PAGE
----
How to Tiger-proof text messages

A US company has launched a ‘TigerText iPhone’ application that enables you to kill text messages after sending them.

A California start-up company has launched a ‘TigerText iPhone’ application that will enable its users to kill text messages after they have been sent out.

Jeffrey Evans, the founder of the company, X Sigma Partners, told AFP that this smartphone program was named prior to the Tiger Woods’ philandering scandal that exploded after he crashed his SUV outside his home in Florida.

Numerous women who claimed he had committed adultery with them, produced test messages allegedly sent to them by Woods as proof of their claims.

“I understand part of the reason people want to talk about it (the new softwear) is because of its name, but this is not about people trying to cheat,” Evans said of the TigerText launch.

“If you send a private text message it should stay private.” for the iPhone is a text message trail-covering application which, say its softwear developers, will become available for BlackBerry smartphones and any others running on Android software in March.

“Tigers are notoriously difficult animals to track,” the developers said, underlining the fact that the application was being launched in the Lunar Year of the Tiger.

“TigerTexts are difficult to track as well.”

Receivers of the messages are called on to download the TigerText application for free in order to read the text, which does not get sent directly to their iPhones, but to the TigerText company’s servers where it can be erased whenever the sender wishes.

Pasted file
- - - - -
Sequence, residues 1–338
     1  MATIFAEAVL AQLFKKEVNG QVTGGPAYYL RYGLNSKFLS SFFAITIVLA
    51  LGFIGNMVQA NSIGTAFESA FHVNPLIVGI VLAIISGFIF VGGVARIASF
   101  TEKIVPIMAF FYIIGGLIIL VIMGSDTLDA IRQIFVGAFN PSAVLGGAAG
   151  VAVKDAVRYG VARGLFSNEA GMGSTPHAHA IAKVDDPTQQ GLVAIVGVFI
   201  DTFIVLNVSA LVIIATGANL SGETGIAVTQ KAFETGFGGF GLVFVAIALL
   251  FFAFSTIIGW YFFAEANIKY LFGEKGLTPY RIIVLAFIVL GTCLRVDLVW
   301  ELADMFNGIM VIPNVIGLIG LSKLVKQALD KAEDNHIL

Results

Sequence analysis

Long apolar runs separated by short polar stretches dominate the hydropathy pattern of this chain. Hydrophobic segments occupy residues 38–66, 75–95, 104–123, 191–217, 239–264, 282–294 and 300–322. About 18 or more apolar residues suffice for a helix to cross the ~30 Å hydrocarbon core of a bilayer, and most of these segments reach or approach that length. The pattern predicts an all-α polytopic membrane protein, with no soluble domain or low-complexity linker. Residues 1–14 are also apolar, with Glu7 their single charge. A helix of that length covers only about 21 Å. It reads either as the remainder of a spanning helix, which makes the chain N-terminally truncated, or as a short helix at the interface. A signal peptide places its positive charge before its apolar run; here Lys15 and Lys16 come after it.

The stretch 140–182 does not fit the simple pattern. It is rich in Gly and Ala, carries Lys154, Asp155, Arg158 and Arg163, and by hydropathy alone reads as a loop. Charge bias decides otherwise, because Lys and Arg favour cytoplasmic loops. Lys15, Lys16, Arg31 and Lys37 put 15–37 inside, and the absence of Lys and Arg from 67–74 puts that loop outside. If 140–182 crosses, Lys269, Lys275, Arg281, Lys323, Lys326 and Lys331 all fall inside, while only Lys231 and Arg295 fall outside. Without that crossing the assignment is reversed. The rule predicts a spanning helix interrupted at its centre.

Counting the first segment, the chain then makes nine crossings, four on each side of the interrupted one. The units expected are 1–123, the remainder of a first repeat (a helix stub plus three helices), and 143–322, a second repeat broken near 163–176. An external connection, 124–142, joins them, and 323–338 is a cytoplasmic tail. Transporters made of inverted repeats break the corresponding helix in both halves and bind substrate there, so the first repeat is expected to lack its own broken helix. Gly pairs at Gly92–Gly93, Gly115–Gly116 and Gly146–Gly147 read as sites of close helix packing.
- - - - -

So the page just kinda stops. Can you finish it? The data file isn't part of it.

For the first time sent messages can be deleted on demand or be set to automatically vanish after a specified period.

A “delete on read” feature starts a 60 second countdown when a text message is opened and then erases it when the countdown reaches nought

An additional feature of TigerText messages is that they cannot be saved, copied or forwarded by their recipients.

“Ninety-nine percent of what people want to keep private has nothing to do with cheating on a spouse or doing anything illegal,” Evans said.

“How many times have you sent someone a text message and told them after they read it to delete it?”

Evans said the original idea that inspired the development of the new application came from the years he spent working in job placement and seeing how extensively employers search the Internet for comments and other information about job seekers.

“Text messages are conversations with another person; the problem is they live forever,” Evans said. “I thought it would be great if messages would self-destruct in 60 seconds.”

“When the message is gone from us, it’s gone,” he added .

How will TigerText make money?

There will be no charge for receiving messages, but the service will cost senders $1.49 per 250 messages sent monthly or $2.49 per month for an unlimited number of text messages.